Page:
Tomatoes are certainly nutritious — a good source of the antioxidants lycopene and beta-carotene. But consider this: if you eat a tomato without adding a little fat — say a drizzle of olive oil — your body is unlikely to absorb all these nutrients. . . . [P]eople who had eaten fat-free or low-fat dressings didn't absorb the beneficial carotenoids from . . . salad. Only when they had eaten the oil-based dressing did they get the nutrients.
Carotenoids are the pigments responsible for red-, yellow- and orange-colored fruits and vegetables. And carotenoids are also found in dark green vegetables such as spinach. The compounds convert to Vitamin A in the body, and studies have found that carotenoids have anti-oxidant activity which may help protect cells from damage caused by free radicals. Human studies have linked high consumption of fruits and vegetables to reduced risk of cancer. . . .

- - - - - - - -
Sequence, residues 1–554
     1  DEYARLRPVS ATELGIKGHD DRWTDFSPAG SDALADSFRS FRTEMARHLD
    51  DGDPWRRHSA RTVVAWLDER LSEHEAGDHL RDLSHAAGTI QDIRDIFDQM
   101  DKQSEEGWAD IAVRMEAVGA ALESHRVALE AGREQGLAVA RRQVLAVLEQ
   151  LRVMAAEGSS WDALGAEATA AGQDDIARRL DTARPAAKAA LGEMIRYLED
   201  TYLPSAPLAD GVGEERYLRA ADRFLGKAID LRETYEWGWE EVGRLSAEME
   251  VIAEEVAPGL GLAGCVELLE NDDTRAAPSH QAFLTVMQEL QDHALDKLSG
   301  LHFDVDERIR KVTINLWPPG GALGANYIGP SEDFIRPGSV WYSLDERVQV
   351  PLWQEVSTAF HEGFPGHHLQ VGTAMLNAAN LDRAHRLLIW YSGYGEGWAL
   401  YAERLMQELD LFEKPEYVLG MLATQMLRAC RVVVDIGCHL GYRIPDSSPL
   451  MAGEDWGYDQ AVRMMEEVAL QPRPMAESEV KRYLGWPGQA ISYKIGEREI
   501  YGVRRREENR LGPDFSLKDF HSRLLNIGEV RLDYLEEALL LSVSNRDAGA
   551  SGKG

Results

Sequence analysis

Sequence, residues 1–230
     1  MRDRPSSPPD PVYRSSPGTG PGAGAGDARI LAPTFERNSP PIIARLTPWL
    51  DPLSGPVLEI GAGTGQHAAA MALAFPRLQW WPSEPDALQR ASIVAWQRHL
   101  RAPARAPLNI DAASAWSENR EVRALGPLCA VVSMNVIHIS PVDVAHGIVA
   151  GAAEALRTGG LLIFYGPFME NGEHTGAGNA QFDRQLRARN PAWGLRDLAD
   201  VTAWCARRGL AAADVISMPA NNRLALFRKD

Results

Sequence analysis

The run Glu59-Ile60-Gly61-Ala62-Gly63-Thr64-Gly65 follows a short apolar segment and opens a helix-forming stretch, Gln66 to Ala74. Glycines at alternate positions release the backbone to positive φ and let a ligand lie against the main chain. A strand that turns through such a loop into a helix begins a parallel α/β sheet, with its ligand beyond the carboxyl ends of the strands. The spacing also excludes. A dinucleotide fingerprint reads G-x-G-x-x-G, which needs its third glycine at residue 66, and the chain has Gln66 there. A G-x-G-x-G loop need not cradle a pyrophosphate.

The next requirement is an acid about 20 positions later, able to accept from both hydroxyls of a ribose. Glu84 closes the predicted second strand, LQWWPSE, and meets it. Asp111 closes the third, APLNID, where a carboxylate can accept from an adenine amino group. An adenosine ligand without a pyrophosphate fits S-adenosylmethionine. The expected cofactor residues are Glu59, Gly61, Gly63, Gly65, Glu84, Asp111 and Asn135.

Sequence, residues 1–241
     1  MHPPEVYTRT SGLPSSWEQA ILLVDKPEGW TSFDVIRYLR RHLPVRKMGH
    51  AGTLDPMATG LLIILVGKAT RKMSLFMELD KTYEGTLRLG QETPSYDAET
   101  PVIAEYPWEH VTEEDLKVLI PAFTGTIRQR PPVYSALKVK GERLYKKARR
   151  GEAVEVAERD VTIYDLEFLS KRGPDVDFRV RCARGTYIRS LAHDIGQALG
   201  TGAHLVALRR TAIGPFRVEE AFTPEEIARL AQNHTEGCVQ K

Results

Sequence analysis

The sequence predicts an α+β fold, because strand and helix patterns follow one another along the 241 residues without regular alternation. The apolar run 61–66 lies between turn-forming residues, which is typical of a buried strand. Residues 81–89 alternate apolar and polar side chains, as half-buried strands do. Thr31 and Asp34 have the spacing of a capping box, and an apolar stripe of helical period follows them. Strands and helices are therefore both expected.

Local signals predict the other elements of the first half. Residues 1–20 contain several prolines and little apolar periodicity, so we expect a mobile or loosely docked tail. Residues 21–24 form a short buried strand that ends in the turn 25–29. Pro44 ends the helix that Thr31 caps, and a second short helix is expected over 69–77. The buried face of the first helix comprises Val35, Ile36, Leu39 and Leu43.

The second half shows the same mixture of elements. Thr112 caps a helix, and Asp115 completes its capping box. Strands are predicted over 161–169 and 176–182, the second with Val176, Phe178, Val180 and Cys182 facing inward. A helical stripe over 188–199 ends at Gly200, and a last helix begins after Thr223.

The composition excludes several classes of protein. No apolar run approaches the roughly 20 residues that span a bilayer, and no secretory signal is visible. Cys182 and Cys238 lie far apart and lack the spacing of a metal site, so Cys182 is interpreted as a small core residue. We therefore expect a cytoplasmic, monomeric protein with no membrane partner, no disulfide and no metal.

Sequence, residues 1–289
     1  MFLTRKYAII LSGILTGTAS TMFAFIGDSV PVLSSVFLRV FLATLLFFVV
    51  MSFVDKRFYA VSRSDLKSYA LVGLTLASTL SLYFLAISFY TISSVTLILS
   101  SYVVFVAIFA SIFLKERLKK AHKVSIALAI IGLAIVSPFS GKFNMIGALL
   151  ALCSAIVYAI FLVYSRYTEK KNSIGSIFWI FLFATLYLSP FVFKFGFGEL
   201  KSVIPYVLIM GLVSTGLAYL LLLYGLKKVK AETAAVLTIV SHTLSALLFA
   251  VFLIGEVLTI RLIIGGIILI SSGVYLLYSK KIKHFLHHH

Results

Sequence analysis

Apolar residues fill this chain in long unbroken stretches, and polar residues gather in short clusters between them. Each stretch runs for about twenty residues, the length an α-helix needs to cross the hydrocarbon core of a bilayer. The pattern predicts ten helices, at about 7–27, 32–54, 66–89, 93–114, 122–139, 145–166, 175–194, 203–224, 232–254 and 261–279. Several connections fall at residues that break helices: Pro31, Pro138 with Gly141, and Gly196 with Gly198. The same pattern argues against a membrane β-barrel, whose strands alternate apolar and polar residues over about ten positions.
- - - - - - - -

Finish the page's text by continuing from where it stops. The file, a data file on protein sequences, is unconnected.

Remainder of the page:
There are other ways to help maximize the absorption of carotenoid nutrients. Chopping or grating breaks down the plant material. "The finer the particle size ... the better the absorption of beta-carotene," . . . many people have heard that raw vegetables are best. But if you're eating carrots, it may be helpful to cook them gently. The heat can soften the food allowing more nutrients to be released. . . . some cooking methods may be better than others. . . . microwaving helped maintain the antioxidants, whereas boiling and pressure cooking led to the greatest losses.
Green beans, beets and garlic all did well with heat — maintaining beneficial phytonutrients after most kinds of cooking. The antioxidant value in carrots actually increased after cooking.
Experts explain that boiling may allow nutrients to leach into the pan water that people end up tossing out, especially with water-soluble nutrients such as Vitamin C and the B Vitamins. . . . many experts say it's best not to fixate too much on how food is prepared. Instead, focus on eating more plant foods — of all colors.